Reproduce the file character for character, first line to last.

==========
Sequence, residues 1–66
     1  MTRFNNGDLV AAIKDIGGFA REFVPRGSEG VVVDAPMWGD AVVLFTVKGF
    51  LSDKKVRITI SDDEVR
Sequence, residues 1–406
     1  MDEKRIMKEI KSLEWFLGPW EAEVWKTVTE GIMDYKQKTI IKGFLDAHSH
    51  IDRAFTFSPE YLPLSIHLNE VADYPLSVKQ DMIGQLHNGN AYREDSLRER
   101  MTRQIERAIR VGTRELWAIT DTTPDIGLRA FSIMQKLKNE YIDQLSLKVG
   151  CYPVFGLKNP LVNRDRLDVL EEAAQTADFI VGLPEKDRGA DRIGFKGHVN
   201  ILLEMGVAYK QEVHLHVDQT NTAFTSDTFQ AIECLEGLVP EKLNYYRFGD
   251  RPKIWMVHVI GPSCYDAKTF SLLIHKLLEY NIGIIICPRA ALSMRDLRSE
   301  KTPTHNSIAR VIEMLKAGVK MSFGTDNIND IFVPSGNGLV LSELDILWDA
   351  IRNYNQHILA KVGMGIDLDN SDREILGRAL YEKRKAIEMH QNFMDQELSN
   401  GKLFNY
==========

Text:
Sequence, residues 1–66
     1  MTRFNNGDLV AAIKDIGGFA REFVPRGSEG VVVDAPMWGD AVVLFTVKGF
    51  LSDKKVRITI SDDEVR
Sequence, residues 1–406
     1  MDEKRIMKEI KSLEWFLGPW EAEVWKTVTE GIMDYKQKTI IKGFLDAHSH
    51  IDRAFTFSPE YLPLSIHLNE VADYPLSVKQ DMIGQLHNGN AYREDSLRER
   101  MTRQIERAIR VGTRELWAIT DTTPDIGLRA FSIMQKLKNE YIDQLSLKVG
   151  CYPVFGLKNP LVNRDRLDVL EEAAQTADFI VGLPEKDRGA DRIGFKGHVN
   201  ILLEMGVAYK QEVHLHVDQT NTAFTSDTFQ AIECLEGLVP EKLNYYRFGD
   251  RPKIWMVHVI GPSCYDAKTF SLLIHKLLEY NIGIIICPRA ALSMRDLRSE
   301  KTPTHNSIAR VIEMLKAGVK MSFGTDNIND IFVPSGNGLV LSELDILWDA
   351  IRNYNQHILA KVGMGIDLDN SDREILGRAL YEKRKAIEMH QNFMDQELSN
   401  GKLFNY